Much to my surprise and delight, my recent blog post about Jenny McCarthy’s “educational” video was picked up by several other blogs and websites, resulting in a small flood of emails applauding my efforts to expose dangerous pseudoscience. I had braced myself for what I assumed would be an onslaught of hate mail (what else would irrational folks do about a sensible warning message?) and found that instead I received a small number of high-fives from advocates and health organizations committed to cutting through the rhetoric and providing accurate information about vaccines. Perhaps the hate is still in the mail?
I began wondering who is in the majority on the issue of vaccines – those who want to study concerns carefully and accept what the science shows, or those who are fixated on blaming vaccines for diseases they don’t cause, despite all evidence to the contrary.
Since the latter are louder than the former, one does tend to feel as if the world has gone a bit nutty. And when celebrities like Oprah Winfrey promote the unfounded anti-vaccine rhetoric of Jenny McCarthy, sensible parents across the country begin to shudder. But when will this shuddering lead to action?
Newsweek released an Oprah expose soon after my blog post was published. It was indeed very gratifying to see a major news outlet take Oprah to task for her irresponsible promotion of pseudoscience. Of course, it’s been years in the making – but I’m glad that someone “mainstream” finally said something.
My question is: will the complaining end there, or will the heretofore silent majority stand up to the nonsense that will put their own children at risk for vaccine-preventable diseases? What will it take to wake people up to the present dangers of the anti-vaccinationist movement? Perhaps a documentary about people who were injured or killed by the polio virus…
I also received an email today from a woman (Jan Nichols) who did not have the polio vaccine as a child. She and her twin brother were exposed to the virus in the 1950’s (just before the first vaccine was available). Her brother died three days later while she suffered lower extremity paralysis that lasted a few years. Jan rarely spoke about her experiences until she read a magazine article explaining that although polio has been eradicated in the United States, it still infects children in other countries, and some have estimated that it could cripple up to 10 million children by 2040 if not eradicated. She writes,
For many years, I had been under the false impression that polio had been essentially eradicated throughout the world. But, in 2003, a friend sent me the March 2003 edition of the “Rotarian” (the magazine for members of Rotary International). Her note to me was a simple one, “Jan, now you have to write your story.” She had always encouraged me to write, but I couldn’t tell the Flood Family’s story if its only purpose was to add one more polio memoir to the mix. This “Rotarian” pulled at my heart in a profound way. I was sickened to read that innocent children were still suffering from the killer and crippler.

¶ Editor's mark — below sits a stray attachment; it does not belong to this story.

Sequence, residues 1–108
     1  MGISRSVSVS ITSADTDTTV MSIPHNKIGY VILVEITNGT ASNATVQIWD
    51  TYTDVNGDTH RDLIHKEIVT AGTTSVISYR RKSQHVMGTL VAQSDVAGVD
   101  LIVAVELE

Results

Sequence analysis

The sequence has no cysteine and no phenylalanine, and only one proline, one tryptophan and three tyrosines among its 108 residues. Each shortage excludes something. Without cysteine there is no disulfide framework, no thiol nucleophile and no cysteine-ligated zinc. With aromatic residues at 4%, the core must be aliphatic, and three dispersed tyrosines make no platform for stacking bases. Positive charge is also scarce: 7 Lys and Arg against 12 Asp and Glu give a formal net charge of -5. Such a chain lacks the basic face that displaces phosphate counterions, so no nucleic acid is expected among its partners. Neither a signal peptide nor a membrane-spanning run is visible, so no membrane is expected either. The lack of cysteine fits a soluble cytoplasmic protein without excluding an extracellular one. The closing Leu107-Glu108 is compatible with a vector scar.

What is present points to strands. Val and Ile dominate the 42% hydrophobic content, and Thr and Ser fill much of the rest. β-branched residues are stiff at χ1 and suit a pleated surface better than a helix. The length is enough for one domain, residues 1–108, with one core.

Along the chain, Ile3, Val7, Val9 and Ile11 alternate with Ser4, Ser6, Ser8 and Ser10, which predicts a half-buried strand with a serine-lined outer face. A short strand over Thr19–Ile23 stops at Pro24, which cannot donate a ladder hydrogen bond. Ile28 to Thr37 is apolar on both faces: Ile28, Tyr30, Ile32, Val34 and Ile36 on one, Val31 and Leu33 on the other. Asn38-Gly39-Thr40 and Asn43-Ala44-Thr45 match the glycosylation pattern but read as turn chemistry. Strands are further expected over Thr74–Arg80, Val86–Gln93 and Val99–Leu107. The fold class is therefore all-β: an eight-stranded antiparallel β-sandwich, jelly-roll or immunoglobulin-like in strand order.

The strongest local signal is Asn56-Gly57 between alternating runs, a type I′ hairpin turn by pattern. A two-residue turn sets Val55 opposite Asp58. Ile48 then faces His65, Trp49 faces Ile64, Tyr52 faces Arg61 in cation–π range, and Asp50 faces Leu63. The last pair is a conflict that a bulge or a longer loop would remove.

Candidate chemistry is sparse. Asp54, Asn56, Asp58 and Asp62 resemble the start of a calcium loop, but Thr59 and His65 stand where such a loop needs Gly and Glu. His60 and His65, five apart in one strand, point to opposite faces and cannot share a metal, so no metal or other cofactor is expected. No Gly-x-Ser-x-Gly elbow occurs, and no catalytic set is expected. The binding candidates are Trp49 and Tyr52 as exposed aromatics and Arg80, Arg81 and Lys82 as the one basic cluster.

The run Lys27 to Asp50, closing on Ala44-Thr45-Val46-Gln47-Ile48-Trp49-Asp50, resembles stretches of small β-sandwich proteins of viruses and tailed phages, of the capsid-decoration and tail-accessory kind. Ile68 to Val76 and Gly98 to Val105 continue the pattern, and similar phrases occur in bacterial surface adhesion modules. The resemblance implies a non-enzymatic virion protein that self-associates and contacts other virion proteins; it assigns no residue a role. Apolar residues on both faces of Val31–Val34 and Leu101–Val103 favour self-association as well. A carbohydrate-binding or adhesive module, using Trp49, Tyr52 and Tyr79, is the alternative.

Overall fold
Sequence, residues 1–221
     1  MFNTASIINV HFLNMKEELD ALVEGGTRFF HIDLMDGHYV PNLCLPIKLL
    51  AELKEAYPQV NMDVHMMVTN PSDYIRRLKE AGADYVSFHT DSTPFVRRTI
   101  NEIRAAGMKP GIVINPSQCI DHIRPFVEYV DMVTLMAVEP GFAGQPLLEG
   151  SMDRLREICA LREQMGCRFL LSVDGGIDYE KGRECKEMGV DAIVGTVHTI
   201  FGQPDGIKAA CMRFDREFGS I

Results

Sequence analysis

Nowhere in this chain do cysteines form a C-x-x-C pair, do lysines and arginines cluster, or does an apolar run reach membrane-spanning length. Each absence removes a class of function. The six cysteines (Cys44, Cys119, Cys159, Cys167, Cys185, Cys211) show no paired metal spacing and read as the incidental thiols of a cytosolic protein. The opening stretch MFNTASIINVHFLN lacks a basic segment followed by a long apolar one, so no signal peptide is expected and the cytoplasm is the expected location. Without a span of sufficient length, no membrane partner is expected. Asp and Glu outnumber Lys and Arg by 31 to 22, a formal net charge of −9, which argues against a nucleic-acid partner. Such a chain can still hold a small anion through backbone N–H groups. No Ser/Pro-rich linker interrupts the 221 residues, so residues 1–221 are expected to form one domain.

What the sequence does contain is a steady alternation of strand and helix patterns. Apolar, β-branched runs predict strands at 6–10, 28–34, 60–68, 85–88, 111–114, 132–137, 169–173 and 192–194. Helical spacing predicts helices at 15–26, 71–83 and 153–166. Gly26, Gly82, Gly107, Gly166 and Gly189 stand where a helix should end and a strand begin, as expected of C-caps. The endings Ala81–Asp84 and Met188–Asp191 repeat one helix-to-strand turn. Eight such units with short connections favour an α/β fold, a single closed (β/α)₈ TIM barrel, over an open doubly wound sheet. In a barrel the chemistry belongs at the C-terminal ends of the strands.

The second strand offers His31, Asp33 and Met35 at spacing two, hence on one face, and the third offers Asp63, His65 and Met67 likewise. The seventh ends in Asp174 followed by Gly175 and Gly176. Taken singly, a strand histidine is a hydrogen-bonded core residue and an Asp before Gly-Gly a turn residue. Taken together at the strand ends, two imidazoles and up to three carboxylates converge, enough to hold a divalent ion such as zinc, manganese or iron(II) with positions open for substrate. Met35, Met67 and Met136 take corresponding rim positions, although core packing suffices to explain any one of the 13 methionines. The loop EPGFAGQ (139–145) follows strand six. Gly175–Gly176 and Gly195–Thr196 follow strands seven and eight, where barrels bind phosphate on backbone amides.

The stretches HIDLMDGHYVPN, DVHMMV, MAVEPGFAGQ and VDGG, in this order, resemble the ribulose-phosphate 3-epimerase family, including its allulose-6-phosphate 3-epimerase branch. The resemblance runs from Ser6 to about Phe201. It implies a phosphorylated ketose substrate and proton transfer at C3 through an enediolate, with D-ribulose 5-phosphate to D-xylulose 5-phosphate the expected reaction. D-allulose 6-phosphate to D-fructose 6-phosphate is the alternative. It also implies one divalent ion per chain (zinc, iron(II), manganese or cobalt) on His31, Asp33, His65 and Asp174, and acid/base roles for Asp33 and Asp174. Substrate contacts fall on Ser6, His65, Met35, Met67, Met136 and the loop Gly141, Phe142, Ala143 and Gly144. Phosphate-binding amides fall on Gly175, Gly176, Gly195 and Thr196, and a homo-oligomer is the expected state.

I sat down with my husband, Dave, and told him that I wanted to write a book. As an orthopedic surgeon, Dave understands the lifetime impact of polio all too well. In fact, this saga of mine has sent him on his own quest. This past fall, he returned to school part-time to earn his Master’s in Public Health. Our son, Kevin, designed the website for the book and keeps it continually updated.
For four years, I’ve devoted nearly every day of my life to research and writing. Since the book was published in early fall 2007, I’ve devoted my time to “spreading the word” about polio and the need for eradication via presentations to students, civic groups, and service organizations. The book is a tool to reach people I can’t reach personally.
A magazine article was the turning point in Jan’s crusade against those who dissuade parents from giving their children life-saving vaccines. I hope that, by continuing to get the word out, Newsweek articles, and blogs like this one will ignite interest in protecting children everywhere.
No one, and I mean no one, brings pseudoscience, quackery, and antivaccine madness to more people than Oprah Winfrey does every week.
If the silent majority would stand up against this false information, we might be able to eradicate the anti-vaccinationist virus – or at least provide a “herd immunity” against pseudoscience. I hope that people like Jan will continue to educate Americans about the dangers of preventable diseases that most have never seen or experienced. Because if we don’t listen to Jan, we may have to find out about these diseases first-hand.